FICs provide a structured and controlled way to pass wealth to future generations. By using shares with varying rights, parents can retain control over the company's decisions while gradually transferring economic benefits to their children or grandchildren via a Family Trust.

This method can be particularly useful for families looking to ensure that wealth is preserved and responsibly managed over time. Additionally, by gifting shares to their adult children or a Family Trust, families can benefit from potential inheritance tax advantages, as the value of these transfers can fall out of the donor's estate, if the donor survives the gift by seven years​​​​. This potentially saves inheritance tax in the longer term.


Asset Protection

Another significant benefit of FICs is asset protection. By holding investments within a company structure, families can shield their wealth from personal liabilities and creditors. This can be especially advantageous for families involved in trading businesses, as it allows them to separate trading risks from their investment assets.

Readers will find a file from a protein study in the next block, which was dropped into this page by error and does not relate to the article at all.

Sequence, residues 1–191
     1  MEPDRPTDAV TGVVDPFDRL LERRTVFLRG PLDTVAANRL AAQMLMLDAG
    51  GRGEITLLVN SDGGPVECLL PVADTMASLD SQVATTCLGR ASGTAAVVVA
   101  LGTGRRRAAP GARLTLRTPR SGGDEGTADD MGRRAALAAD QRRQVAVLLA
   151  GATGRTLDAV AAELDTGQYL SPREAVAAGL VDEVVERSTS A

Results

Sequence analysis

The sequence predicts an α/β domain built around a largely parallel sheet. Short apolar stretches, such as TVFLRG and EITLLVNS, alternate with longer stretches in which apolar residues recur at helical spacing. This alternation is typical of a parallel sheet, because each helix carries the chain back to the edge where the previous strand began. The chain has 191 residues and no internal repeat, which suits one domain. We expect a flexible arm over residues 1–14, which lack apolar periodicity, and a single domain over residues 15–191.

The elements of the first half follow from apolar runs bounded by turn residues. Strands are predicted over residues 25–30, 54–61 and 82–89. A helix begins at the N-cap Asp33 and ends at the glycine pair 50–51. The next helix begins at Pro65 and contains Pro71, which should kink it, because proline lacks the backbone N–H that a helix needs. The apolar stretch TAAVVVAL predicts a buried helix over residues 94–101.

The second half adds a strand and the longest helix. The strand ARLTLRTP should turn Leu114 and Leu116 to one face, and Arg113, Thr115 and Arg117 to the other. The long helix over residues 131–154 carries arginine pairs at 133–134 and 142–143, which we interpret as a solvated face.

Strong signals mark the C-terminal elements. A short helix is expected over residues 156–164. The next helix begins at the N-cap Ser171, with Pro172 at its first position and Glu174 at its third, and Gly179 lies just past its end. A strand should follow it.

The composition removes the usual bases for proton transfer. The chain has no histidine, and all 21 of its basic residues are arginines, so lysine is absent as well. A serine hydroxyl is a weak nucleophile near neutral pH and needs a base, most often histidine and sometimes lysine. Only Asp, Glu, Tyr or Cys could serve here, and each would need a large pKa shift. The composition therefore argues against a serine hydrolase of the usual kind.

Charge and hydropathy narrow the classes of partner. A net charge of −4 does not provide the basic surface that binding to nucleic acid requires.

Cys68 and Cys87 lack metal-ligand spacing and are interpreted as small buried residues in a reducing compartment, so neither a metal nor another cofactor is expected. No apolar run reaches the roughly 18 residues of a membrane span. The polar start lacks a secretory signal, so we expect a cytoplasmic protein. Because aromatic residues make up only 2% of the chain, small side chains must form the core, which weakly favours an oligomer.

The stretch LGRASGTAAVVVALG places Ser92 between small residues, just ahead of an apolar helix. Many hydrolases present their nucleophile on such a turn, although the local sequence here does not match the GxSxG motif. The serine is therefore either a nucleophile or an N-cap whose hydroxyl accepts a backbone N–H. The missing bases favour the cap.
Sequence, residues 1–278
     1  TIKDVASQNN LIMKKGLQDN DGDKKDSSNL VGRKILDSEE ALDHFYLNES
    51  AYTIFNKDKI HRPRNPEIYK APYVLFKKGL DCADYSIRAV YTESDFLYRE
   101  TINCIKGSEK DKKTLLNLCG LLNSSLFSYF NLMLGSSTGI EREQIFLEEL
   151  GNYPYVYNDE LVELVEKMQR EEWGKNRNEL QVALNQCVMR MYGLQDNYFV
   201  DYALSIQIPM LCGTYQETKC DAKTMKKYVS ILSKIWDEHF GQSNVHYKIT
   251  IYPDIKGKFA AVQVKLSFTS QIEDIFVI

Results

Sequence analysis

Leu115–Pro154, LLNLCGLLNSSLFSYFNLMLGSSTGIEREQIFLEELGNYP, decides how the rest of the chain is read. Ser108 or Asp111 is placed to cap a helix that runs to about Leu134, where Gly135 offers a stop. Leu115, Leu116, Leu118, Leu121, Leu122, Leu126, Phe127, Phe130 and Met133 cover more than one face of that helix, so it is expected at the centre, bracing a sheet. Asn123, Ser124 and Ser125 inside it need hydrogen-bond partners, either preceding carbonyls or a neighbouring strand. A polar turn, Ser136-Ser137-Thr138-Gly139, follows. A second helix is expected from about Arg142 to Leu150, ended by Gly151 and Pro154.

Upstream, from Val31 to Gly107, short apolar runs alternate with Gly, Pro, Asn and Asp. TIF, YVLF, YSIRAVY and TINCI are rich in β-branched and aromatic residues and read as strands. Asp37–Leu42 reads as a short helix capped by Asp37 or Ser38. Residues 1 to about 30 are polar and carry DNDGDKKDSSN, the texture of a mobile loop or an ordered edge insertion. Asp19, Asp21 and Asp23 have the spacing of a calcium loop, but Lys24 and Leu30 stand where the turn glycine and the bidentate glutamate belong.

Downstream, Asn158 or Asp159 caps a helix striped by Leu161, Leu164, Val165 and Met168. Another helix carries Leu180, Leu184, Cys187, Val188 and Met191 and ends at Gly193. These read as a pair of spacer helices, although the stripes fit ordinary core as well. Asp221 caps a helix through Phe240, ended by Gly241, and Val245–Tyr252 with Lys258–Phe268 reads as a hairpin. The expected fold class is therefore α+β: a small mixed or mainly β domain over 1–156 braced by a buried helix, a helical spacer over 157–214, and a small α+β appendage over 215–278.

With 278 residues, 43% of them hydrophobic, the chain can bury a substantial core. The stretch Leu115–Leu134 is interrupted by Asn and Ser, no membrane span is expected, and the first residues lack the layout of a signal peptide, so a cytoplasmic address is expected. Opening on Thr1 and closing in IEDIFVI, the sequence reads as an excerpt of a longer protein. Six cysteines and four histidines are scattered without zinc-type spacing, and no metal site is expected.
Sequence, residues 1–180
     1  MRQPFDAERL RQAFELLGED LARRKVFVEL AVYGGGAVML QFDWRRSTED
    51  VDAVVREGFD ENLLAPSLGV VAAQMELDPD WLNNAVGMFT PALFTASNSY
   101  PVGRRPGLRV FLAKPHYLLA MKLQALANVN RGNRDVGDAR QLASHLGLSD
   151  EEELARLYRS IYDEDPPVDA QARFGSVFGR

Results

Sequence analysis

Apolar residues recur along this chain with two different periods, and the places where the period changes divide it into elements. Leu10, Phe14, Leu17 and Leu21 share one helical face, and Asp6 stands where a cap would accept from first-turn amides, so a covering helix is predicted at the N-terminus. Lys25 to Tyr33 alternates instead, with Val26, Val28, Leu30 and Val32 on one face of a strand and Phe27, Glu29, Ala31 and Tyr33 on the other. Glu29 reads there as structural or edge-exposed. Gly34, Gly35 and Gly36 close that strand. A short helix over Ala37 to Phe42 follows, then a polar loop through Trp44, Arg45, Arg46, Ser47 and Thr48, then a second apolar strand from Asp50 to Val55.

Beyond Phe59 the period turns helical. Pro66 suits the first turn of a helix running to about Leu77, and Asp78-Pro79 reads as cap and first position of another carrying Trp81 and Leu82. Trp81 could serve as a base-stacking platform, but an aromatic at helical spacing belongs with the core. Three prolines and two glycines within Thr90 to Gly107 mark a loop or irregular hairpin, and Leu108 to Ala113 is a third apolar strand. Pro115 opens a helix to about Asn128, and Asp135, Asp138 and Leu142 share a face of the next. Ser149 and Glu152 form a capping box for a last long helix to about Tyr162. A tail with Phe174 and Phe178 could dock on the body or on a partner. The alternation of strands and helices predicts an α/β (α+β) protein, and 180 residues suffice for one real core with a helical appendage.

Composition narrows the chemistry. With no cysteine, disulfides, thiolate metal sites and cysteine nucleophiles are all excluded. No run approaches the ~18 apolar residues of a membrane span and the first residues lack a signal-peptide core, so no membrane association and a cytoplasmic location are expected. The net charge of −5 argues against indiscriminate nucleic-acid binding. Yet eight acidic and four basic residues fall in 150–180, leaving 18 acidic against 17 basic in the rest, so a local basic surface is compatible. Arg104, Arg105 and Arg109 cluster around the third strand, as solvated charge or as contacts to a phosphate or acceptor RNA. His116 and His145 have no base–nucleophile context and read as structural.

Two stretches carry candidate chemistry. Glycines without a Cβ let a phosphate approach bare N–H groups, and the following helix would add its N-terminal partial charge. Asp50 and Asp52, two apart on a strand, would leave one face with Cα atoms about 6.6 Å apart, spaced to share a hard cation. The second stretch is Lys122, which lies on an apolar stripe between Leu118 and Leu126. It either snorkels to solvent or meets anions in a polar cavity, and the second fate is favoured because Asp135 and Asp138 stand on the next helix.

FICs are typically set up along with a Holding Company, giving an additional option whereby the trading company may transfer surplus cash further protecting assets from claims by creditors of the trading company​​​​.


When is a FIC Not Suitable?

While FICs offer numerous benefits, they are not suitable for every situation. Establishing and maintaining a FIC involves considerable costs and administrative efforts. Setting up an FIC can be quite costly, together with the ongoing administrative expenses of dealing with the annual accounts, company law requirements and corporation tax returns.  Therefore, FICs are generally a viable option for families with significant assets to invest, typically over £1 million​​.

Additionally, certain types of investments might be better held outside of a FIC. For instance, investments benefitting from specific tax incentives, such as the Enterprise Investment Scheme (EIS) or Business Property Relief (BPR), may not receive the same advantages within a corporate structure. Furthermore, where residential property valued at least £500,000 is held in an FIC it would typically be subject to the Annual Tax on Enveloped Dwellings (ATED), which would impose additional costs​​.